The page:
After missing out on Mexico she was determined to make an impact at her second Olympics and was ramping up her training.
“I was doing a fast run through and boing the muscle went again,” Amoore Pollock said.
“I said to the doc ‘I can run’.”
“And he said ‘Judy if you do that you will have to have an operation when you get home to Australia and you’ll probably never run again’.”
Terrifying experience in the Olympic village
She accepted that advice and didn’t compete in Munich. It didn’t stop her from going for casual runs though. Early one morning during the second week of the Olympics, she set out with Australian 1500 metre runner, Jenny Orr.
“We were running around the park area of the Olympic village and I said ‘Jenny don’t look now but there’s a man up there on the balcony with a mask and he’s got a gun, just keep running until we can turn around and see a bit better’.”
“We took one look and decided ‘let’s get out of here’ and we ran out the gate and went for a bit of a run.”
“When we tried to come back in they wouldn’t let us in the gate and there were people everywhere by then.”
“We went in through another entrance and back to our quarters and that’s when we found out something was wrong.”
Unaware of just how horrific the developing situation was, Amoore Pollock left the athletes village for lunch with her parents.
“When we came back there were people and cars everywhere and we couldn’t get close,” Amoore Pollock said.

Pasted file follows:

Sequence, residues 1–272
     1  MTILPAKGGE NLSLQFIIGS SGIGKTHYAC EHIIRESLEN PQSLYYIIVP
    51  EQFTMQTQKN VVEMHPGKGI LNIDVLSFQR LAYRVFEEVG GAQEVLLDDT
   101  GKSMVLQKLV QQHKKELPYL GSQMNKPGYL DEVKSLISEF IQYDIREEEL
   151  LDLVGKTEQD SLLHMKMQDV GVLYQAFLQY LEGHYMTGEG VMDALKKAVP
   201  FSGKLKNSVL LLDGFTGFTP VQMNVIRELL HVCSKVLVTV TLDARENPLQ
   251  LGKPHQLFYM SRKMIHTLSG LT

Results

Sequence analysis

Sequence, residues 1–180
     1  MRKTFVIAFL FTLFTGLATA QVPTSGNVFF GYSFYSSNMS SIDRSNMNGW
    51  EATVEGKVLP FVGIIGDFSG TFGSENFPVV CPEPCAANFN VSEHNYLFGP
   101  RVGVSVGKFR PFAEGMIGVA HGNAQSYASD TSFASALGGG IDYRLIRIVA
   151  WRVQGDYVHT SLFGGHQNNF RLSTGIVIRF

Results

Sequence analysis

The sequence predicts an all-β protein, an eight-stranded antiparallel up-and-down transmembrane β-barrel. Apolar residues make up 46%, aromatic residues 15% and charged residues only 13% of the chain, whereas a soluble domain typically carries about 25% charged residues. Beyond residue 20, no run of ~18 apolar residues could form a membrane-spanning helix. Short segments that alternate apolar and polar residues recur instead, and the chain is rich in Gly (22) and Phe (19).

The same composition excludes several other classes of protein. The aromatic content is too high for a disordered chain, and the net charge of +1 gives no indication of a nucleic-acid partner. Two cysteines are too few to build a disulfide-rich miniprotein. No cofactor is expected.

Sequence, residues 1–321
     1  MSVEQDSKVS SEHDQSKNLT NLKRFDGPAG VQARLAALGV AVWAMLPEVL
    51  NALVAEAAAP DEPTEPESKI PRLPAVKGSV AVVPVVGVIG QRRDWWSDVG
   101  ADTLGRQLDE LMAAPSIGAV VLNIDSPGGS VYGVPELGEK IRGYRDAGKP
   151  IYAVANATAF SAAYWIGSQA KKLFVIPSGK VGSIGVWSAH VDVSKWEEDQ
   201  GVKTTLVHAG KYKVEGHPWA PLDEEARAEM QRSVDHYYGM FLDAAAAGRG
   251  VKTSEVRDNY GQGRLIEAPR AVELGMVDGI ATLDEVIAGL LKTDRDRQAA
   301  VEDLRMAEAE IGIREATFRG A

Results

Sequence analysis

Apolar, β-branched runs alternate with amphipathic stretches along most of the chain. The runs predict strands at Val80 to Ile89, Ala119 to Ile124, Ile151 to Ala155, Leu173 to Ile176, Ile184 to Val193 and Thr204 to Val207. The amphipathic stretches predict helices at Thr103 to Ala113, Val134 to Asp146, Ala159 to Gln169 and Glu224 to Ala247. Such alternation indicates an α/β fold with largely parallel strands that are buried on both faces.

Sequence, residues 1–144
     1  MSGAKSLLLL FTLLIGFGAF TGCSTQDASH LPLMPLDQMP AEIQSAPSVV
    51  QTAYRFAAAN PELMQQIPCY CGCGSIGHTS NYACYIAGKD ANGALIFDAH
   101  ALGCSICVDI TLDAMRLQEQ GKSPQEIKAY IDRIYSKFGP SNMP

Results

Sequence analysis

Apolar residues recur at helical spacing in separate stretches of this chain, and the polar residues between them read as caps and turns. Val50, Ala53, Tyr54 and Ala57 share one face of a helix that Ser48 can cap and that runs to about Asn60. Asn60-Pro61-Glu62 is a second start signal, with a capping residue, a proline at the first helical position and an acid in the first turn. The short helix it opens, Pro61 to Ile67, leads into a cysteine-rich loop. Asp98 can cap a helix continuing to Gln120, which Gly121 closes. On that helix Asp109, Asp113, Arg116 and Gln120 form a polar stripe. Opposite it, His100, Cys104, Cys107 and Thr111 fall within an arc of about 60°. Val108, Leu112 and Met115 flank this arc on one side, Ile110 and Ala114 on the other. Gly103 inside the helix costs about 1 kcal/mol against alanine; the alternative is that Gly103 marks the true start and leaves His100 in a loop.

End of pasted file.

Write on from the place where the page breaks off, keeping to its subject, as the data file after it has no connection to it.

The athlete was dropped off and assured her father that she would let him know when she had made it safely into the village.
“I said to dad when I get in I’ll cooee”, Amoore Pollock said.
“So I cooed and he cooed me back.”
“I was walking down the driveway and these German guards with guns grabbed me and threw me under a great big army truck,” Amoore Pollock said.
“They said ‘stay there, don’t move!’.”
“A helicopter flew in and I didn’t realise what was going on then, but I did afterwards.”
Eleven Isreali athletes had been taken hostage by a Palestinian militant group. Two were killed in the athletes village.
“They (members of the Isreali team) came out from the car park on a bus and were pushed along to the helicopter,” Amoore Pollock said.
Nine Isreali athletes would later be killed by the Palestinian gunmen during a battle with West German police at a nearby airfield.
“A lot of us didn’t want (the Olympics to continue) at that stage but when I look back now it was the best thing to have it continue on,” Amoore Pollock said.
One last Olympic comeback